Poipet is one of the six crossings that allow you to cross the border that divides Cambodia from Thailand. Every year thousands of Cambodians decide to cross it to seek their fortune in the neighboring country, driven by hope and the search for better living conditions.

Here, as often happens in border areas, where thousands of desperate people flock to live, human traffickers proliferate, finding a fertile market for their illicit activities. Together with adults, thousands of children find themselves living this traumatic experience, becoming its greatest victims. It is estimated that around 70% of the children victims of trafficking pass through Poipet, who then find employment in the big Thai cities as beggars, workforce in the fields or, even worse, in the child prostitution racket.

There are also numerous children who, despite having the good fortune not to end up in the circle of illegal work, begging or prostitution, find themselves involved in situations bordering on human beings. One of these is Bopha (invented name), the youngest guest of the Damnok Toek first reception center supported by di Mani Tese.

Bopha was born in Thailand to Cambodian parents. Immediately after her birth, the couple separated and the child was entrusted to her father. In order to provide for his growth, Bopha’s father worked under extremely harsh conditions. Nonetheless, the living conditions proved unsustainable, and so she decided to return to Cambodia, in Battambang, where, thanks to the support received from her paternal grandmother, little Bopha grew up and was educated. Bopha’s father, unable to earn enough from his bricklaying job, moved with his daughter to Poipet after a few years to try to cross the border and return to Thailand.

There, he was captured by the border police and arrested on suspicion of illegal migration. Bopha was then welcomed into the Damnok Toek first reception center in April 2018. The workers report that when Bopha arrived “she was suffering from malnutrition. Her physical condition was not normal, she was thin and had developmental delays. Besides, she never went to school. At first, the girl was very shy and presented with post traumatic stress disorders. During the first month it was very difficult to involve her in daily activities”.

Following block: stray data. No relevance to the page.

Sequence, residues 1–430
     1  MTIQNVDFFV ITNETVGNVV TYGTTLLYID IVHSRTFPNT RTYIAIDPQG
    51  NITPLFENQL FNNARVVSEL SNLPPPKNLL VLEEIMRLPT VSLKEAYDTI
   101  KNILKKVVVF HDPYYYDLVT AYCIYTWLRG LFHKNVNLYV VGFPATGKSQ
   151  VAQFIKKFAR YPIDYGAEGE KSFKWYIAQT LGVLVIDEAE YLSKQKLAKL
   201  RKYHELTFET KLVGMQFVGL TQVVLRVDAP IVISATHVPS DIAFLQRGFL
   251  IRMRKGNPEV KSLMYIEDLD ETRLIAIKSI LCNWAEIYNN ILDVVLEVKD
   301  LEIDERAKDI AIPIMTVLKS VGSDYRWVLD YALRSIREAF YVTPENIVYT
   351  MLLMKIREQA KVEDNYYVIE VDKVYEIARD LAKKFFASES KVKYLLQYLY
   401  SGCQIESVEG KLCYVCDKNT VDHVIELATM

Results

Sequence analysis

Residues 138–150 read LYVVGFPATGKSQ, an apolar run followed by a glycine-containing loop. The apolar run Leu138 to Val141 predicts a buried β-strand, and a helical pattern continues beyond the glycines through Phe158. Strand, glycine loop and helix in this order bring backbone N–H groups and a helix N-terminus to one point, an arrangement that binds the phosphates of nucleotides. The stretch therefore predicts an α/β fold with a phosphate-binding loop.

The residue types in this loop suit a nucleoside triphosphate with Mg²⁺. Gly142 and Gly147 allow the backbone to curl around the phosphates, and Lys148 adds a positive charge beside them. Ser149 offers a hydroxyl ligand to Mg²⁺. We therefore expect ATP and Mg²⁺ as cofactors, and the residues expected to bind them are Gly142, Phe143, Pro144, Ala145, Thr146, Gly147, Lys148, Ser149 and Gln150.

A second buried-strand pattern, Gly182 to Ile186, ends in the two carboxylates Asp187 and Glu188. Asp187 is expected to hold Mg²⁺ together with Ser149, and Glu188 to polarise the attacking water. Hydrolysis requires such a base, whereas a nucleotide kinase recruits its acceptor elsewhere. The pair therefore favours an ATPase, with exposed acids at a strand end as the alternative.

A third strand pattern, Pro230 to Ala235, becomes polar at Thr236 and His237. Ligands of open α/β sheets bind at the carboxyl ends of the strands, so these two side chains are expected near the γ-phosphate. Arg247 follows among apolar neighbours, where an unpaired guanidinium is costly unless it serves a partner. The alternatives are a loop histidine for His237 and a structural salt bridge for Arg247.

Over the months, however, the situation has improved: Bopha has learned to read, has begun to interact with the other children in the center and to participate in daily activities. She has become more self-confident, she especially loves dancing and drawing and, speaking of the future, she often repeats that she would like to become an English teacher. Bopha would also like to have the opportunity to live with his family but unfortunately the legal conditions of his father and the seniority of his grandmother currently do not allow this.

Damnok Toek’s commitment is therefore now aimed at supporting Bopha’s father in order to improve his economic conditions and thus facilitate reunification with his daughter.

The reunification process will probably take several years before it can be concluded but, in the meantime, Bopha will continue to study and be a guest in the Damnok Toek centers along with many other children.

Thanks to the support of Mani Tese, the Damnok Toek first reception center has already welcomed more than 150 children, managing to reintegrate almost 80% of them into their families of origin, guaranteeing them a peaceful future and a dignified present.


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